Article and photos by Gary Cox
Walking is the best way to see Paris
We recently spent some time in Paris during which we had a chance to try out the Flat Rate aXcess Plan from XCom Global, a MiFi service with a daily flat rate fee which provided us Internet mobile connectivity for up to five devices in France. The aXcess MiFi Mobile Hotspot box which provided the service fit in my pocket and gave us mobile data access wherever we traveled in the city. While service above ground was superior it also worked in the underground subway. Most of our handheld devices support wireless access, but for this trip the star was our Samsung Galaxy tablet.
When connected to the MiFi, the tablet’s map application found our position, including the street and direction. In the same way as a GPS (Global Positioning System) unit in a car, the tablet program offered verbal and text walking directions on the map as we explored the city on foot. This feature alone made having the MiFi along worthwhile. Also, having Internet access came in handy to compare prices online when shopping and to discover the right bus or subway to take on the RATP (Régie Autonome des Transports Parisiens or Autonomous Operator of Parisian Transports) website. The MiFi service heightened our touring experience significantly.
Paris streets are challenging even with a map
Although we own a MiFi unit that we use at home in the United States to use the service outside the country we have to register for a plan with a limited amount of bandwidth. Because none of our vendor plans allows unlimited data even a small overage can cost hundreds of dollars. At the same time, connectivity is uncertain. For example, the first time we contacted our vendor, even after multiple calls, the unit never connected on a trip to Asia. We were unable to find out if the issue was frequency compatibility, roaming arrangement or something else. On the second try, we had a good experience in the Caribbean (see ATT Elevate 4G portable hot spot on the road).
The XCom service allowed us to bypass the geographic uncertainty since the service we had was specifically for France, and the bandwidth overage concerns. As long as we made reasonable use of the connection overage was not a concern. The company’s Fair Use Policy stated, “Our standardized FUP policy: if you reached 400 MB within a 3 days period, the service might get suspended or get slower.”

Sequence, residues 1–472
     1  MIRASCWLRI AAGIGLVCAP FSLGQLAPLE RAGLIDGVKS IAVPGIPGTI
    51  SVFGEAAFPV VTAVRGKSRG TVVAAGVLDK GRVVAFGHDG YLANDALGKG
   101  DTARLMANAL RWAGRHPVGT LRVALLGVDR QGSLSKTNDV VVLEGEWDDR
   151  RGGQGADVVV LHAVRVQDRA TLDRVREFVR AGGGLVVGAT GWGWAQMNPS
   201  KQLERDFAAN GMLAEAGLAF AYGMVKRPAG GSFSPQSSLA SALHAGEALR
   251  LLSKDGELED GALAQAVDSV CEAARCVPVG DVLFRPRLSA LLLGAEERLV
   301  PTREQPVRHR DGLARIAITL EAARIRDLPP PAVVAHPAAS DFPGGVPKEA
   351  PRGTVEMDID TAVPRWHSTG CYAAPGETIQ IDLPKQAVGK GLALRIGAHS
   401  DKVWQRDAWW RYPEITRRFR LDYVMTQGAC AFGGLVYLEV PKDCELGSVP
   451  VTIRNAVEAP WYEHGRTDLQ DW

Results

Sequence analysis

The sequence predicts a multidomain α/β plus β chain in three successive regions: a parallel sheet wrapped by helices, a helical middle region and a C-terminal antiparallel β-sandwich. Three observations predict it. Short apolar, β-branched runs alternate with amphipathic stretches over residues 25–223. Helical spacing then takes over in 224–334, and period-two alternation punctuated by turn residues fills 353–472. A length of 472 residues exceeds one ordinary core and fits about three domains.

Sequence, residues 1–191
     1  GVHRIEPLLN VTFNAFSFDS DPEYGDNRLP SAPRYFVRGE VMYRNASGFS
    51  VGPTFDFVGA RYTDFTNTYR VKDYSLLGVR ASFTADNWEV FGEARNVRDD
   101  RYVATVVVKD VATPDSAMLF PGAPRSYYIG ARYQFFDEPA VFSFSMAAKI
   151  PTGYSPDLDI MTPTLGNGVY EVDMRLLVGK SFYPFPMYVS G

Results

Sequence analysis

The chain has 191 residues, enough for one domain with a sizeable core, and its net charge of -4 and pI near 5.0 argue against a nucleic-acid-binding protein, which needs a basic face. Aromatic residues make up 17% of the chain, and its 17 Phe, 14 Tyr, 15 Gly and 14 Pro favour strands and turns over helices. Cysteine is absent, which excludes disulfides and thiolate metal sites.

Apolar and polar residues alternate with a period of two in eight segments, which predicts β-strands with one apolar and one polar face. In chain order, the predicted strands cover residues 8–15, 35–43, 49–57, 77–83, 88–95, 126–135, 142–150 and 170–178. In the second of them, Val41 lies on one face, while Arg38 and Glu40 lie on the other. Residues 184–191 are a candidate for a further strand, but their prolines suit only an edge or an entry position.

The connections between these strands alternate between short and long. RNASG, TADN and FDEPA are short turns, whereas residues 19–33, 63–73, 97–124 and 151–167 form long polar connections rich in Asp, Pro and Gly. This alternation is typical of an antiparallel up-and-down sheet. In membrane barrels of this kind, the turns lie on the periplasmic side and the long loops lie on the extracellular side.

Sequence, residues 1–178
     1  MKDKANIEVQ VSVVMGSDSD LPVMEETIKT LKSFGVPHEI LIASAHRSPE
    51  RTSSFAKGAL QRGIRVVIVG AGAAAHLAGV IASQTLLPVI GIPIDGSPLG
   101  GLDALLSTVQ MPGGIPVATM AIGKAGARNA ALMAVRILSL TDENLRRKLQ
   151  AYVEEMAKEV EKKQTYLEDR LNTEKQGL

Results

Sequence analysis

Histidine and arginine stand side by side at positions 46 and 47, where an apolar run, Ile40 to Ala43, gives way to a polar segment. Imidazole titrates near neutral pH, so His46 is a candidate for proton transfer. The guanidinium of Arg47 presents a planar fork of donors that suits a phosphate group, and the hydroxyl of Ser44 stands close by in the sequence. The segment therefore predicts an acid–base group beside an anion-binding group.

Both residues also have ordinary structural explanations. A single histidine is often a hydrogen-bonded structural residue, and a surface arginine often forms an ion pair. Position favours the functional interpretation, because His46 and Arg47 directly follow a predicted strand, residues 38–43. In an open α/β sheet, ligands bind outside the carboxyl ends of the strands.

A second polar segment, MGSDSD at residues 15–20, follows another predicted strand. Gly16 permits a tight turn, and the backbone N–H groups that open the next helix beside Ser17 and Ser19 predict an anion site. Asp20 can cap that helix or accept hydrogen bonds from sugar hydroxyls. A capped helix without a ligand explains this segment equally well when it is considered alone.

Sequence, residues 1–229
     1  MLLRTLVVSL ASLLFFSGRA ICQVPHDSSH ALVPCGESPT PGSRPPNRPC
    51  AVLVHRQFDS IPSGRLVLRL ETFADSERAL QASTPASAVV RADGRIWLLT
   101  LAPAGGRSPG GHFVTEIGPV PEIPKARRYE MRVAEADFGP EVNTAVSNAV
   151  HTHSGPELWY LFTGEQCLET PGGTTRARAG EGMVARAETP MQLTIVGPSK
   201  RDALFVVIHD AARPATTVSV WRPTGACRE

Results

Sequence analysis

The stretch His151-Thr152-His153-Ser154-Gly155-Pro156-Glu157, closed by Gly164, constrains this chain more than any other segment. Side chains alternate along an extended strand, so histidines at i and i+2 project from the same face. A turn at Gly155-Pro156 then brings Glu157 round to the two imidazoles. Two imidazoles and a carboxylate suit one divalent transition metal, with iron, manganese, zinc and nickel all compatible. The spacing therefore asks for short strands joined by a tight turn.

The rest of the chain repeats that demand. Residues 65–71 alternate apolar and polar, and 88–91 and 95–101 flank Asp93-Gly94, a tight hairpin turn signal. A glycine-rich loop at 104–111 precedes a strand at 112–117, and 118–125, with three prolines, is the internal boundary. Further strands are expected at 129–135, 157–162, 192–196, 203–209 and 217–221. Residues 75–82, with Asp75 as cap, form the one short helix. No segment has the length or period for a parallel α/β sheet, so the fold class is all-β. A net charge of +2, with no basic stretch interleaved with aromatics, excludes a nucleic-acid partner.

The XCom Global MiFi aXcess Mobile Hotspot kit
XCom Global service filled a niche, allowing us to plan the exact cost for unlimited use (within reason) of a MiFi with the correct mix of frequencies and data plans to roam in our destination country. Fair use policies in some countries limit bandwidth daily, but the data plan had no overage fees. The Flat Rate aXcess Plan MiFi device used the 3G network, not the fastest option, but widely available.
The kit included two batteries, a charger with multiple plugs, instruction manual and a case. XCom Global shipped the package to arrive the day before our departure to France and included a return mailer for its return the day after our arrival home. The insurance seemed wise considering the high cost to replace the unit if lost or stolen ($800). I would consider using the Flat Rate aXcess Plan from XCom Global, Inc. (5910 Pacific Center Blvd, Suite 320 San Diego, CA 92121, +1 858.222.8242, +1 858.222.8243, firstname.lastname@example.org, http://www.xcomglobal.com/) in the future.
Article and photos by Josette King
The property was located on three terraced levels
The Romantik Hotel and Spa les Violettes was the last stop on the itinerary of my recent visit to Alsace, France. I had spent a few days taking in the rich medieval art and architecture for which the area is renowned and enjoying its glorious wines and traditional cuisine (Paté de foie gras originated here in the 18th century). Les Violettes was just the right place to unwind before returning to Paris. Nestled in the densely forested foothills of the Vosges Mountains at the edge the Route des Vins (Alsace’s famed Wine Road), yet a mere 25 kilometers (16 miles) from Colmar, the property boasted superb spa facilities. In addition to three saunas with various heat and moisture levels, a steam room and whirlpool bath, there was an unusual halotherapy salt-cave and a grand counter-current indoor-outdoor pool that was a swimmer’s dream. The spa also had six private treatment rooms where it offered a range of massages, facials and body treatments.
The Les Violettes bar sat in the corner of the open plan lounge